Section 108 Loan
Community Planning and Development
To provide communities a source of financing for economic development, housing rehabilitation, public facilities, and large-scale physical development projects. This is the loan guarantee provision of the CDBG Program allowing communities to leverage portions of their CDBG funds for federally guaranteed loans large enough to pursue physical and economic revitalization projects capable of redeveloping entire neighborhoods. Financing infrastructure with Section 108 Loans Section 108 loans may be used to finance the construction, reconstruction, relocation, clearance, or installation of public facilities including street, sidewalk, and other site improvements that are part of the overall project.
Applicant and/or Project Eligibility Requirements
CDBG funds may be used for activities that include, but are not limited to: acquisition of real property, relocation and demolition, rehabilitation of residential and non-residential structures, construction of public facilities and improvements, such as water and sewer facilities, streets, neighborhood centers, and the conversion of school buildings for eligible purposes, public services, within certain limits, activities relating to energy conservation and renewable energy resources, provision of assistance to profit-motivated businesses to carry out economic development and job creation/retention activities.
Section 108's unique flexibility and range of applications make it one of the most potent and important public investment tools that HUD offers to state and local governments. It is often used to catalyze private economic activity in underserved areas in cities and counties across the nation or to fill a financing gap in an important community project. The program's flexible repayment terms also make it ideal for layering with other sources of community and economic development financing including, but not limited to, New Markets Tax Credits (NMTC), Low Income Housing Tax Credits (LIHTC), and Opportunity Zone equity investments. Consider utilizing these funds to influence decarbonization across the power, buildings, and transportation sectors for clean energy and efficiency programs, building retrofits and weatherization, and multi-modal transportation projects that will enhance the safety, resiliency, and air quality of communities.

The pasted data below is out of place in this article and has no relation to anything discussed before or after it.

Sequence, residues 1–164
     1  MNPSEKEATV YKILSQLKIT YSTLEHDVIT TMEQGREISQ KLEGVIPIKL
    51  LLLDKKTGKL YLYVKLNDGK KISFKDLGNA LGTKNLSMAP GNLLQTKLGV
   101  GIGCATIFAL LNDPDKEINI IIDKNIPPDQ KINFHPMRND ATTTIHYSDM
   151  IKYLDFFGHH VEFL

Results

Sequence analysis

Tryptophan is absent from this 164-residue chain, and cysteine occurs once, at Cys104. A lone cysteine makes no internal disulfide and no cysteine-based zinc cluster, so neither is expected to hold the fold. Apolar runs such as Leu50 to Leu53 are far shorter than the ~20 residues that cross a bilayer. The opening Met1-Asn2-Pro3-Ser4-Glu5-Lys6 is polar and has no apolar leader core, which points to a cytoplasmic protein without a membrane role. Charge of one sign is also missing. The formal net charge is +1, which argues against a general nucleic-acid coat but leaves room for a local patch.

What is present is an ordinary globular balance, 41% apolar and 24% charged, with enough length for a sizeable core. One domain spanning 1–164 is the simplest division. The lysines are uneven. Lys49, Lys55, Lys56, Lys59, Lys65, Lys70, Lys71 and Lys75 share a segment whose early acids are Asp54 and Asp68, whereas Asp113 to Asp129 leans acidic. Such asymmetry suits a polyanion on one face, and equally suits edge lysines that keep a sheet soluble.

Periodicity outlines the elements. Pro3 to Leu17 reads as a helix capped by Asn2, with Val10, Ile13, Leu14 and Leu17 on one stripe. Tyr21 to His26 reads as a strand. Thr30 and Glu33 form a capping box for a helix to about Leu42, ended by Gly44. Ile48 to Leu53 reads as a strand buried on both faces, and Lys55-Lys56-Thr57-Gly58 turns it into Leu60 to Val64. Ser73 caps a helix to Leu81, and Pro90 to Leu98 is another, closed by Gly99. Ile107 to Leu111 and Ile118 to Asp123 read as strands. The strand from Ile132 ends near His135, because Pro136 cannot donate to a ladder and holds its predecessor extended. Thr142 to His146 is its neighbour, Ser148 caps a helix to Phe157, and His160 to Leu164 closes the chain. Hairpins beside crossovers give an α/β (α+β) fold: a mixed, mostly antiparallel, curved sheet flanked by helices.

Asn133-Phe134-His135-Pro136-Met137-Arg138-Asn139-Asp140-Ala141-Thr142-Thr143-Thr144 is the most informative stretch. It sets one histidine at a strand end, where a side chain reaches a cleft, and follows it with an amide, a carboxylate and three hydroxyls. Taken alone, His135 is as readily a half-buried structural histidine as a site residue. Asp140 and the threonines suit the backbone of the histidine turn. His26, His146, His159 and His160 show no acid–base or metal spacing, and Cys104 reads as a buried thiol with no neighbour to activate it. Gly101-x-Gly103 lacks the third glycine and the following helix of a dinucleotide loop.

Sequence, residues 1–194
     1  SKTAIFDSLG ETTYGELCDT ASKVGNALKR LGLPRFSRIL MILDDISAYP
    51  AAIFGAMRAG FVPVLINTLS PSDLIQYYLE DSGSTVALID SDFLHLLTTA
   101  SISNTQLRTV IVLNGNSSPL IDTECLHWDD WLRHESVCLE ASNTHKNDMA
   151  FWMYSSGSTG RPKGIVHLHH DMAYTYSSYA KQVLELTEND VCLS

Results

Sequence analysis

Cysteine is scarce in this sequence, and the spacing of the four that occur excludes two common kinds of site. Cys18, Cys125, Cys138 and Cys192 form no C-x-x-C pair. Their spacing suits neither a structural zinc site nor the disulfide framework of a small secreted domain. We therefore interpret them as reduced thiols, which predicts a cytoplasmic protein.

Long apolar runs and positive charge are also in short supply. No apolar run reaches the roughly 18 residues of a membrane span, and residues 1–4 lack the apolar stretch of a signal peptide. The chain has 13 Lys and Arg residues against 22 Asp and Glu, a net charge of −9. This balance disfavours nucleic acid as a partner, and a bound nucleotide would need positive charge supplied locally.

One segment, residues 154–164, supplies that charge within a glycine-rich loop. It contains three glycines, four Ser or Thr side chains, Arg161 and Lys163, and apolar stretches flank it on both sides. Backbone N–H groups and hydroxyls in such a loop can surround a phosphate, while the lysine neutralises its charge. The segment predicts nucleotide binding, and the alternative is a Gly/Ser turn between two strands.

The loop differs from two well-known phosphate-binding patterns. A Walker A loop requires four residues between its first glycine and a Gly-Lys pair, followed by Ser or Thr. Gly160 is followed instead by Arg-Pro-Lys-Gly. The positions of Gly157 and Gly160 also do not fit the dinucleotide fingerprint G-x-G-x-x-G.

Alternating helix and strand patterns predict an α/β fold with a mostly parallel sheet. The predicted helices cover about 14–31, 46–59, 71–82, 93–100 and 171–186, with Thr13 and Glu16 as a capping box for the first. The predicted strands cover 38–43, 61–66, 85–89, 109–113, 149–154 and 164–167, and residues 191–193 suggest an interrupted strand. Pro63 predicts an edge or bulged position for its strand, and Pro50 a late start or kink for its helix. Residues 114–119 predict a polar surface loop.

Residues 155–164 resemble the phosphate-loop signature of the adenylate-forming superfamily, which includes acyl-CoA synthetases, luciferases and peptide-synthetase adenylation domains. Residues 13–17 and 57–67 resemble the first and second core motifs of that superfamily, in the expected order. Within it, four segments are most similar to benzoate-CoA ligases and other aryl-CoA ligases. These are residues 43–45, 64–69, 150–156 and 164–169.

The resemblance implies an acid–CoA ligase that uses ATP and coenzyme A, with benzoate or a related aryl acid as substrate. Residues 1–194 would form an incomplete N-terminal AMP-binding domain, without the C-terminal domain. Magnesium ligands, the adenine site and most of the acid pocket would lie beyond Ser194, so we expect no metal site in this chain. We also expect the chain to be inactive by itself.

The project must benefit low-moderate income communities and census tracts. The HUD CPD Map Tool may be used to identify low-income census tracts along with other demographic information. One of the best uses of the Section 108 Program is to provide gap financing for projects that promote business growth and create jobs. Visit the Consolidated Plan Process, Grant Programs, and related HUD programs pages for more information.
Before considering borrowing against your community's CDBG allocation, discuss current uses of such funds with your local or state administrators of CDBG funding. If already carved out for different purposes, this may not be a viable option. Like CDBG, each activity must meet one of the following national objectives for the program: benefit low- and moderate-income persons, prevention or elimination of slums or blight, or address community development needs having a particular urgency because existing conditions pose a serious and immediate threat to the health or welfare of the community for which other funding is not available.
For more information on the HUD Section 108 Loan Guarantee process and typical timelines, see: https://files.hudexchange.info/resources/documents/Overview-HUD-Section-108-Loan-Guarantee-Process-and-Typical-Associated-Timelines.pdf